WARP is, in my view, the superior "universal theory of everything" number; I prefer it vastly to Win Shares  as expressing actual career value. The list is skewed to career, as opposed to peak value - I'm attempting to express who had the greatest careers as opposed to "on any given day, who would you pick to win one baseball game for you." That's a reasonable list, I guess, but it's not this one. I add to that WAR (baseball-reference version; I understand if you prefer Fangraphs WAR - choices have to be made.) and that's the totality of the number you see next to the player.  In previous versions, I added some "peak" component; BP expresses peak itself with a JAWS number, taking the 7 best years and combining it with the WARP, and at some point, all of those numbers will be sortable and, one assumes, they'll put out their own list of this type; I might even prefer it to mine. There is no peak component to this list, with the tiny exception that I'm breaking ties by favoring the player who played in fewer seasons (or the player who is still active). 

The defensive metrics have really evolved even since I began putting the list together, that partially explains the differences between the version you're about to see and any previous you may have read from me. The level of evolution has also served to further reduce the degree to which this is just a career as opposed to a peak list. It's still solely a regular season list, completely ignoring the postseason.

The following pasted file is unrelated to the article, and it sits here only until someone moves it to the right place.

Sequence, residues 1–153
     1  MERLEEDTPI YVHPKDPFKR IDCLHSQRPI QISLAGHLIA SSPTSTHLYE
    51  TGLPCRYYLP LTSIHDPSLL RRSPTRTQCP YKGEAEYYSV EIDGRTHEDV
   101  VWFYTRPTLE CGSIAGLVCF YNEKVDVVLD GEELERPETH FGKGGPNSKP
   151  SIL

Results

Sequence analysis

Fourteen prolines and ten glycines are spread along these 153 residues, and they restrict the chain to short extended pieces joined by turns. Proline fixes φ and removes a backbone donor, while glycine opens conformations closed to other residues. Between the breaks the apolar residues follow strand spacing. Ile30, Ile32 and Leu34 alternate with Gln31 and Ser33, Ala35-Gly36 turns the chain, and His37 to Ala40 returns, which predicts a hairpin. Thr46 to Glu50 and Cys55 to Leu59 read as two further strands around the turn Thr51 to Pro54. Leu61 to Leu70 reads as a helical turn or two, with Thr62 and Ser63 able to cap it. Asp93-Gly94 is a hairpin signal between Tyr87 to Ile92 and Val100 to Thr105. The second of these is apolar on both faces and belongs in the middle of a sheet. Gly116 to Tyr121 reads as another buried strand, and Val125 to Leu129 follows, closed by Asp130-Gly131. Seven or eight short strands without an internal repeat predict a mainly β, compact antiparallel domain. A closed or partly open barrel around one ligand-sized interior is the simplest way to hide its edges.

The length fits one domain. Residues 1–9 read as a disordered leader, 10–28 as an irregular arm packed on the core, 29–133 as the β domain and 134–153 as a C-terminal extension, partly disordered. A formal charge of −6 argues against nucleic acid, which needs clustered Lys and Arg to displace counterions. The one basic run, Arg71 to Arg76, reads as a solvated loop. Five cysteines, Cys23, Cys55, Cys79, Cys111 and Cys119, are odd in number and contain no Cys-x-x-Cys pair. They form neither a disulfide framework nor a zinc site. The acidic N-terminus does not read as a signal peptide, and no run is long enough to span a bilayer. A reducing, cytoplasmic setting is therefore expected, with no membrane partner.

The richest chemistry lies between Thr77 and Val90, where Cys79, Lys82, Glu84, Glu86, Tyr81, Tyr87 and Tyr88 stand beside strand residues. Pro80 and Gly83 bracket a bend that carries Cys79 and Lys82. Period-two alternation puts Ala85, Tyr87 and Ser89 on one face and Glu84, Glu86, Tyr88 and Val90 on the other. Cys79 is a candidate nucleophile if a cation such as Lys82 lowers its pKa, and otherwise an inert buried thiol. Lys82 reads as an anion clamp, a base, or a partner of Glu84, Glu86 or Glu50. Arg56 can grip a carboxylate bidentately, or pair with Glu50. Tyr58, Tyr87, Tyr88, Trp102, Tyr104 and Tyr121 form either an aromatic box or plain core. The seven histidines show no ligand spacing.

WARP is about to undergo another revision. Could be that after 2011, I have to carve this up again.
Right now, I want to read a book that, using the statistics which I believe are most revelatory, lists the 200 best MLB players ever. A book that adjusts for era and ballpark; that doesn't reflexively list the same top players at each position that the author decided upon when he was 12...

Spoiler alert.....

The greatest catcher of all time is no longer Johnny Bench.

...if there was a book like that, I'd buy it.

But there's not. So - I'm writing this list.

From 1871-2010, I've looked at every single career - with the caveat that I'm just the one dude and maybe I missed a guy, or miscounted, or that the numbers will change before you read this - meaning this is my definitive, up to the moment the 2011 season begins, list. (here's the edit - it's the All-Star Break in 2011; in addition to their being two versions of WAR, there are now two versions of WARP; I'm going to use Clay Davenport's, as he's got his database to go back further than the Prospectus database.  Maybe one day I'll add the BP and the Fangraphs versions of their respective metrics for the ultimate universal number.  Which would then immediately have 4 opportunities to be revised each year.)

I'll do ten a week over the next 20 weeks, walking all the way up to Opening Day.